Science has shown that being able to view greenery has a positive effect on human beings, especially children. {Image Credit: (c) 2018, Kim M. Bennett}

Put a Covering Over Those Jokers…

Okay, so now for the cons of those uncovered panes of beautiful-ness:

  1. There’s sometimes sun glare on the Promethean board, especially when we’re watching a video;
  2. Some districts have safety rules about when and why to cover the windows, to prevent people from seeing into the classroom from the outside;
  3. Kids seated next to the window sometimes roast in the sun;
  4. Some students have a hard time focusing if it’s snowing/raining/sunny/cloudy/ etcetera, and they can see it through the window;
  5. When a student is “out of program,” the students can see through the window;
  6. Some students think it will look more “homey” with curtains;
  7. The computer hook-ups are along that wall – so students at the computers are also facing the open windows, which sometimes causes eye strain;
  8. If my classroom were on the other side of the building, students could see the parking lot, basketball court, police cars/ambulances (an occasional occurrence at our school), visiting parents… potentially causing a disruption;
  9. Likewise, students would focus on which buses were there at the end of the day;
  10. The curtains would break up the expanse of office-white wall that we can’t paint.

What are some reasons YOU might cover the windows?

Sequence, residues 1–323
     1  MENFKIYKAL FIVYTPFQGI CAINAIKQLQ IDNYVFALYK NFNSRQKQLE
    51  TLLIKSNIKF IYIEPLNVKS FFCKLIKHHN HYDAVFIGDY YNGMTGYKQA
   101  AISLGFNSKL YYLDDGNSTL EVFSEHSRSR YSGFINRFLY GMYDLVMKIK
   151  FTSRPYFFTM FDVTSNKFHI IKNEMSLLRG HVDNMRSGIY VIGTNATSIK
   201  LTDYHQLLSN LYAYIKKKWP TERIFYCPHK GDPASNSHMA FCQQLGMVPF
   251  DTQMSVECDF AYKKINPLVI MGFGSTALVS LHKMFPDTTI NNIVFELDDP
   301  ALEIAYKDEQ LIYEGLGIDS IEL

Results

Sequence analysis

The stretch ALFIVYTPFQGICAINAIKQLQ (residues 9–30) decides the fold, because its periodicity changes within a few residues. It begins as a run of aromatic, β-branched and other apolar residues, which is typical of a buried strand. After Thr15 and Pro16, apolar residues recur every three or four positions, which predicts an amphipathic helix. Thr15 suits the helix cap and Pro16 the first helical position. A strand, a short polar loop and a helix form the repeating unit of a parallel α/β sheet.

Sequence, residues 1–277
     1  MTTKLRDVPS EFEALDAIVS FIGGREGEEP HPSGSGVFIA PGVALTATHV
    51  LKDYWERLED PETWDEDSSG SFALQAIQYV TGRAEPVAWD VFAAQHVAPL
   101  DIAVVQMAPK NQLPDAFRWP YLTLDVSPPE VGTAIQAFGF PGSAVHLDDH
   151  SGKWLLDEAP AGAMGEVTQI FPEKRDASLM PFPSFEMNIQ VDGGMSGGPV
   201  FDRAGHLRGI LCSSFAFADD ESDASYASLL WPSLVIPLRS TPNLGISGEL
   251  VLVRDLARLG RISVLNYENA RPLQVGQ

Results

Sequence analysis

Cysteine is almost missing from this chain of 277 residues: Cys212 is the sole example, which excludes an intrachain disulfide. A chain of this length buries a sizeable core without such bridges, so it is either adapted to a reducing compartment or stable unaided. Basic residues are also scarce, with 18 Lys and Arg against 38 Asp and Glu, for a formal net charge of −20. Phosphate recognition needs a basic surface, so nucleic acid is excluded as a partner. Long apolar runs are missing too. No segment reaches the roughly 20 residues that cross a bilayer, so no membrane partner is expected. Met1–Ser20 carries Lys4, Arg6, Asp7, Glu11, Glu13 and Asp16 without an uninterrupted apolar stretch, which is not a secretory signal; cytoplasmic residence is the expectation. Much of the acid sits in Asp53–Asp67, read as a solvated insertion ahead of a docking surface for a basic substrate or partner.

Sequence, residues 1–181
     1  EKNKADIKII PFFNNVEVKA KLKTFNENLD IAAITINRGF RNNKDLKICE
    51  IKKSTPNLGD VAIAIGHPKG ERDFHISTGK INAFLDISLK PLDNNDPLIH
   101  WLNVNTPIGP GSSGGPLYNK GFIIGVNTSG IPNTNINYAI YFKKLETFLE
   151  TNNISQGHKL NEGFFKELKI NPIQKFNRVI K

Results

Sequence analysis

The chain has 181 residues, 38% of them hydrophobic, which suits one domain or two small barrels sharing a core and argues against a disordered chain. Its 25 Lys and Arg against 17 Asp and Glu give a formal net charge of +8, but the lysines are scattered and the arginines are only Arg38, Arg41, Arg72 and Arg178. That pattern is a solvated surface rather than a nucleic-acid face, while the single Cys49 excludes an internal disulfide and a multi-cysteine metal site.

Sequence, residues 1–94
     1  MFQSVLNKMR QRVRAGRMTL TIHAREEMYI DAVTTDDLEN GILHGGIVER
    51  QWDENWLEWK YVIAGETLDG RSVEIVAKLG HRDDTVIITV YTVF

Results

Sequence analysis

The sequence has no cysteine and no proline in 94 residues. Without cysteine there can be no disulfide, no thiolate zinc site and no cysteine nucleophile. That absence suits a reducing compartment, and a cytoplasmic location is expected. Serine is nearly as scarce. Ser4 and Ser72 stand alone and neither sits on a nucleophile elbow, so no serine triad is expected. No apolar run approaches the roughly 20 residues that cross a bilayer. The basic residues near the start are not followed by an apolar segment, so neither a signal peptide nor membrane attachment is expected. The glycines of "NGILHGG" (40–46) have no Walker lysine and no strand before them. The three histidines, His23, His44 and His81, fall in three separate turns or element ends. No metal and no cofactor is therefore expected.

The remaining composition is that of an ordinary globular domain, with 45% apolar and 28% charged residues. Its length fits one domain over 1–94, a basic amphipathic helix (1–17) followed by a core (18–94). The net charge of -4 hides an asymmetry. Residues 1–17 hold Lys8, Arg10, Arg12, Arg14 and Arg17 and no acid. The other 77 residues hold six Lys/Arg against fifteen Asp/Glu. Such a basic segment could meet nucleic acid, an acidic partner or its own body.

window coverings
Windows allow people to see the outside – but also allow people on the outside to look in. {Image Credit: (c) 2017, Kim M. Bennett}

The Verdict on Window Coverings… at Least for This Year

I have to be honest: it was hard for me to come up with ten reasons to put up curtains or other window coverings. I also must admit that, for the 20 years my husband and I have been married, we’ve been on opposite sides of the window covering argument (think “Everybody – look at me!” vs “blind cave dweller”). So I know I’m probably projecting a lot of my own needs onto this decision. Oh, well – I’m human.

Last summer, I put up colorful valances, and my ed assistant (who is the decal queen), put up cute decals with affirmations that she bought at the dollar store (so if kids pick them off, it’s not a big deal). We filled the windowsill with plants. We enjoyed our bobcat friend (whom my colleague is trying to videotape with a motion-sensitive camera she’s installed in the woods).

I DO think I’ll see if I can get some translucent shades installed so that we can get better optics on our Promethean board. But that sounds expensive to me, so I’m not going to hold my breath waiting for it. And I’m going to collect data to back up my request.

I COULD put up another set of tension rods and hang sheers. That’s an option. But I really DO like the green view. Here you can see it…
window coverings
The amazingly green view out of my classroom window – and the cute window treatments we installed last summer. {Image Credit (c) 2018, Kim M. Bennett}

Your Windows…

What did you do with your windows this year?

{This blog is featured in Top 100 Special Education Blogs}


Mom of four, Nana to seven, homeschooler, special educator, and lover of all good things... striving to do His work every day.